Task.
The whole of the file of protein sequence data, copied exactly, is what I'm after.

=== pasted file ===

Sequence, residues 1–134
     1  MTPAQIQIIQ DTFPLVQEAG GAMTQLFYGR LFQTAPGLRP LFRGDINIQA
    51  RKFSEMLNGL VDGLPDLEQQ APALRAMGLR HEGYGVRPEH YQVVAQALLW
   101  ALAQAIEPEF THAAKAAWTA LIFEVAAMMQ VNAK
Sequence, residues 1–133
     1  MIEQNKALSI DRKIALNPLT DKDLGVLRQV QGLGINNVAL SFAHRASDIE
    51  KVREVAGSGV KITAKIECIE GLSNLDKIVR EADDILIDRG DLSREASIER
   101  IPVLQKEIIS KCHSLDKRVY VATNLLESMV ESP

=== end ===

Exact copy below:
Sequence, residues 1–134
     1  MTPAQIQIIQ DTFPLVQEAG GAMTQLFYGR LFQTAPGLRP LFRGDINIQA
    51  RKFSEMLNGL VDGLPDLEQQ APALRAMGLR HEGYGVRPEH YQVVAQALLW
   101  ALAQAIEPEF THAAKAAWTA LIFEVAAMMQ VNAK
Sequence, residues 1–133
     1  MIEQNKALSI DRKIALNPLT DKDLGVLRQV QGLGINNVAL SFAHRASDIE
    51  KVREVAGSGV KITAKIECIE GLSNLDKIVR EADDILIDRG DLSREASIER
   101  IPVLQKEIIS KCHSLDKRVY VATNLLESMV ESP